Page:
Johnson observes that “effective coordination” between the courts could help ameliorate these difficulties. She also reviews various proposals that have been offered for corporations to amend their charters to include clauses specifying the forum for specifying intra-corporate disputes. But, she also speculates, “absent a major change,” the concerns associated with the proliferation of multi-jurisdiction M&A related litigation “is likely to come to the attention of Congress.”
Johnson suggests that Congress might attempt to address these concerns through an outright repeal of the so-called “Delaware Carve-Out” from SLUSA, which preserves state court jurisdiction for state law claims involving shareholder communications involving voting rights, such as in M&A transactions, forcing the class actions into federal court. Alternatively, Congress might revisit SLUSA and restrict the carve-out to preserve state court jurisdiction for the courts of an entity’s state of jurisdiction (which, Johnson speculates, would have the effect of making Delaware the sole forum for the majority of cases).
Johnson’s article further substantiates the alarms being sounded in connection with the exploding levels of M&A-related litigation. The growth of M&A-related litigation is a vexing and costly problem, and her article helps to substantiate the growth and seriousness of the problem. However, her speculation about possible solutions may be optimistic. The inability of the current Congress to confront even matters of the greatest urgency is hardly reassuring about its ability to deal with issues of the type involved here.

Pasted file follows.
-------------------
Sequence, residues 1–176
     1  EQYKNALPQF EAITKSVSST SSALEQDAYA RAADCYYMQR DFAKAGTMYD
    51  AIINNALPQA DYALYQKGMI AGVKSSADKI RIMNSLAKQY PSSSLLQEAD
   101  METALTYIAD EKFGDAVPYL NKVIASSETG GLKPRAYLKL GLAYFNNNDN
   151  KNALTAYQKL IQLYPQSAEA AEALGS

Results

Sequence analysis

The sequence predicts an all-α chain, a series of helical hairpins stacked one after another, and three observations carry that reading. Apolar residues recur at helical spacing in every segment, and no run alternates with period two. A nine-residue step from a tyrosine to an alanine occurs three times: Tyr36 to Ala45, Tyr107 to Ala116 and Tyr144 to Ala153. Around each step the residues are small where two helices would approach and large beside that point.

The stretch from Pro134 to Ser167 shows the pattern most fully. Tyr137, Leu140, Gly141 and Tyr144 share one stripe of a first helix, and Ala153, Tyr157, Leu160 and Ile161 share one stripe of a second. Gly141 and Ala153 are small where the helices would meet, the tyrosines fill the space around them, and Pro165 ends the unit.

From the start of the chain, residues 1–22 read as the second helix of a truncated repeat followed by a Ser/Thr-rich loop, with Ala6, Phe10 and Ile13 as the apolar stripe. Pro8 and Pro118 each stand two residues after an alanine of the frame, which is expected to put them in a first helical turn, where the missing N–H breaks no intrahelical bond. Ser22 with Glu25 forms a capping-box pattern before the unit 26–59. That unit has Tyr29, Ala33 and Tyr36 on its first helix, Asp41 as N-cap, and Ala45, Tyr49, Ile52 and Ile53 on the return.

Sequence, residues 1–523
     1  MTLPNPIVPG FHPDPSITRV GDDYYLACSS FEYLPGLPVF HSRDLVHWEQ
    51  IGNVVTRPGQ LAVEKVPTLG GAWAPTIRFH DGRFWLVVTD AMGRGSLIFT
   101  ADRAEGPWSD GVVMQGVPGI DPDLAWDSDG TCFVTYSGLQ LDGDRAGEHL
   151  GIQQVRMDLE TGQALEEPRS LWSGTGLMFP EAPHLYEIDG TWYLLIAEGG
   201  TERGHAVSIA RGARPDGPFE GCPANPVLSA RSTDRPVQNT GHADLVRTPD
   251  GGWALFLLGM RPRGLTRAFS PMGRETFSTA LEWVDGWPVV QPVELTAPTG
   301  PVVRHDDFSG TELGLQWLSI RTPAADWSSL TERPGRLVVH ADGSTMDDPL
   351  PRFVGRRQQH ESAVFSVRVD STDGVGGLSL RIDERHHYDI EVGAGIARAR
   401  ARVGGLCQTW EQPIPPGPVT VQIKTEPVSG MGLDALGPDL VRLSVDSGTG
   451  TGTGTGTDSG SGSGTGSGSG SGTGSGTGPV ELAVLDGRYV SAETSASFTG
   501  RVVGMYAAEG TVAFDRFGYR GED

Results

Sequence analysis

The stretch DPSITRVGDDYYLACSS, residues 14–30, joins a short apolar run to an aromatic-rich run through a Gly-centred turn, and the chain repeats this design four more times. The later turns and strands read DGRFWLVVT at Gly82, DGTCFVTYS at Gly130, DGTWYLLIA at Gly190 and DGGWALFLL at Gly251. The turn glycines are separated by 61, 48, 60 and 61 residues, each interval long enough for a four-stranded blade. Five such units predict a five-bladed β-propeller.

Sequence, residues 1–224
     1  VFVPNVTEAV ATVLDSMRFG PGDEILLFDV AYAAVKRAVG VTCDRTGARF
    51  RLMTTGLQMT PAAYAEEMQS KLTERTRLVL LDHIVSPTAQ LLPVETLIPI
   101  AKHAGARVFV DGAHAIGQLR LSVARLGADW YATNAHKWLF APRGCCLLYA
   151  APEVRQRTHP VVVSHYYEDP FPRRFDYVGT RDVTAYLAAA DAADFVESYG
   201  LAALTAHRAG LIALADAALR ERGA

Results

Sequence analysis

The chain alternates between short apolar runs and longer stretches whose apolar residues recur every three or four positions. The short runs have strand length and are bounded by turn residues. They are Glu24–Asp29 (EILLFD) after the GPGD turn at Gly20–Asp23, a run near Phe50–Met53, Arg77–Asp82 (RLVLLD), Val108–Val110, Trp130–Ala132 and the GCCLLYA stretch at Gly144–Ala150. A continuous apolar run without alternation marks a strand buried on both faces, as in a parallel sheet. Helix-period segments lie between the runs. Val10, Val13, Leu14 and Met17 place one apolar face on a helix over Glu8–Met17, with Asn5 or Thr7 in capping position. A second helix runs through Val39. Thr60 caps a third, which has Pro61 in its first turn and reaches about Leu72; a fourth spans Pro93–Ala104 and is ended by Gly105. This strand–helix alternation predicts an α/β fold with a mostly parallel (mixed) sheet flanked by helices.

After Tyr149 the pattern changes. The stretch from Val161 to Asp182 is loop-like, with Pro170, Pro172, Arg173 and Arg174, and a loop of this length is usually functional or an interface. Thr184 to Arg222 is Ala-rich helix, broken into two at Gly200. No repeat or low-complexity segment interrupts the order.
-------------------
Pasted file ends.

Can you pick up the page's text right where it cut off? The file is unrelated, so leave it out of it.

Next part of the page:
But even Congress were to address these issues, I am skeptical that Congress would outright eliminate the Delaware Carve Out from SLUSA and make all corporate litigation into federal litigation. It is relatively likelier that Congress might be willing to revise the carve-out to restrict the preserved jurisdiction to the court of the state of an entity’s incorporation, but even there I have my doubts that Congress would be willing to act in a way that would so clearly favor the courts of a single jurisdiction.
Even if we assume for the sake of discussion that Congress will eventually be able to address these issues, that action could well be a long time coming. In the meantime, courts and litigants face a growing and costly problem. Courts and litigants alike will have to continue to grapple with these problems. Absent a congressional directive, informal cooperation between and among the courts and parties involved will be the only practicable solution available – a solution that admittedly could be frustrated in any specific case by a recalcitrant party or court.
Setting aside the questions of what to do about it, it is important simply to recognize that the problems associated with the growing levels of M&A-related litigation activity exist. As Johnson’s article documents, corporate and securities litigation overall is changing. It is no longer sufficient to focus just on federal securities class action litigation. M&A related litigation is an increasingly important part of the overall mix of corporate and securities litigation. For anyone whose tasks include understanding the risks and exposures associated with corporate and securities litigation, this is an important development with significant implications.
Special thanks to a loyal reader for forwarding a copy of this article.